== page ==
Out of everything there has to do with screenwriting, I think STRUCTURE is the nearest and
dearest to my heart. I am in constant search of the perfect structure and to be honest, I
use my own version that works pretty well for me. Might not work for anyone else but I
like it and I keep tweaking it as I write new material.
Something that I highly recommend everyone do and if not, get to know the structure that
YOU DO USE like you know the back of your hand. Don't know the back of your hand? Take a look at it right now... LOL.
So Part 1 of screenwriting structure is going to be fast and loose...
How many screenwriting articles and screenwriting books have you read where they tell you
something like, "structure is like building a house" or "you gotta lay the foundation
before you can build." ?
Too many times if you ask me.
The above statements are TRUE of course but come on, too much reading between the lines so
let's take that a little further. Let's go ahead and use the "building the house"
metaphor and talk about what structure is - just like building a house, you start by
FRAMING the house. Okay, let's stop right there. Think about all the houses you've seen
being built at this stage. They pretty much all look alike, right? Just framing. Sure,
some are higher. Some are taller. Some are longer, some are shorter.
But basically, when you visualize the frame of a house, you probably visualize just one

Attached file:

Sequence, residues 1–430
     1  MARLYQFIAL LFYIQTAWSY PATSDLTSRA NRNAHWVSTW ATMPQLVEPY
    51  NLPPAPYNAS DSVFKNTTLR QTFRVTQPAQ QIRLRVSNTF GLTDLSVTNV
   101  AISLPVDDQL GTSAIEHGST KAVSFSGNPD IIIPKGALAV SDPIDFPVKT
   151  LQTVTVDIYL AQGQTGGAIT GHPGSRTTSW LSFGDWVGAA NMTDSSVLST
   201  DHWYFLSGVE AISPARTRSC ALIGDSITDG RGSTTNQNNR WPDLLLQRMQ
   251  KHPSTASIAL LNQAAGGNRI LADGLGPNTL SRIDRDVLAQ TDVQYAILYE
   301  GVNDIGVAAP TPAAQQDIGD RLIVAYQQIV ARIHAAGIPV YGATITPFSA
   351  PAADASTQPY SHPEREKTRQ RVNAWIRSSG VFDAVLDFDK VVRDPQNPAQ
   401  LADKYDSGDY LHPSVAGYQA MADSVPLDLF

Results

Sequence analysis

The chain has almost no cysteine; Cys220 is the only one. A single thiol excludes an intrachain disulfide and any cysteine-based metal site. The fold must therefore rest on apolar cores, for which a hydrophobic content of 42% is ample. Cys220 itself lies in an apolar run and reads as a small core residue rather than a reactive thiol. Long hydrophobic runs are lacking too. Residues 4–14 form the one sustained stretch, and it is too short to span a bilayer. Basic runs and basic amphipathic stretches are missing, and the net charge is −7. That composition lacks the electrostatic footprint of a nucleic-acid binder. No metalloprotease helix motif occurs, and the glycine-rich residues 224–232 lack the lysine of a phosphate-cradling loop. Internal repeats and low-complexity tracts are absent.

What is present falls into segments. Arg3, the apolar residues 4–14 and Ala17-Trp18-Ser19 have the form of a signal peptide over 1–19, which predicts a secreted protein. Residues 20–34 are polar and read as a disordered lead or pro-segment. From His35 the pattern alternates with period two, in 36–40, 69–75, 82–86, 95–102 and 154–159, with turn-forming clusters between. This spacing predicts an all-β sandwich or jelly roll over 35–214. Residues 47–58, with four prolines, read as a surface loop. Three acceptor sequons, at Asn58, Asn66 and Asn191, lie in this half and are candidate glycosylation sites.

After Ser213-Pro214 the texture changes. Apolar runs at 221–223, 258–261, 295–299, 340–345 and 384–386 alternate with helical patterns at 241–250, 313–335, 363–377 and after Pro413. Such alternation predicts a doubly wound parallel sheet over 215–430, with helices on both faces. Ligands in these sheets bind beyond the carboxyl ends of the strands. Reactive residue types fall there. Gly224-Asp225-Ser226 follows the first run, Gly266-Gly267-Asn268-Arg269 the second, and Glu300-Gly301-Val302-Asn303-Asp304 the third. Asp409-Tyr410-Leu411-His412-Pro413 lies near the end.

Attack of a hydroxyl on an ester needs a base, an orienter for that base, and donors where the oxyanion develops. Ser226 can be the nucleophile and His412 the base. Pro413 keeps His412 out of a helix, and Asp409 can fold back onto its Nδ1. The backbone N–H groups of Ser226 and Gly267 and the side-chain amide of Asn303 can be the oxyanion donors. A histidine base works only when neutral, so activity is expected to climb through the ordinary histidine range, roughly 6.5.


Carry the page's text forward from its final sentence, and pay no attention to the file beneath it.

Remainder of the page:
picture in your mind's eye...
Cool. Let's go inside...
Now that we're inside this house being framed, we can see the individual construction
elements, however, we have NO CLUE how this house is going to look once it's completed...
Cool. Let's walk around...
Walking over to a wall structure, we can see that to have a sound wall, we need studs,
headers for windows or doors, cripple studs, sills, blah blah blah blah blah... In other
words, these are the things you probably need 98% of the time to build a good strong wall.
Of course if we don't have windows or doors, we won't need a header. We won't need cripple
studs. I personally like to use fire stops in my own construction but hey, everybody's different.
But this is cool. Think of screenwriting like construction. As you complete certain steps
of the building process, you gotta call the code inspector and he or she's gotta sign off
on your structure before you can continue.
Suffice to say that different kinds of houses and maybe even more specifically, different
kinds of rooms within that house are going to require different building elements. What
the hell does this have to do with screenwriting?
Most GOOD movies and even most bad movies have structure. Those story elements that you
really just gotta have until someone reinvents the wheel i.e., comes up with something new
For instance, how about your inciting incident? You really gotta have that. How about a
climax? Gots to have one. How about introductions of characters? How about reversals, plot
points, act breaks, etc.?
All parts of structure and when you put them all together in a certain sequence, they help
form the WHOLE. In other words, there's some things YOU JUST GOTTA HAVE!
And that's where we are at Part 1 today. What are the screenwriting structure elements
that we just gotta have NO MATTER WHAT? No matter what kinda movie you're writing. No
matter what kind of characters you have or what kind of ending you end up with. There's
just some things that you GOTTA HAVE so we can see that you're building a movie. Not a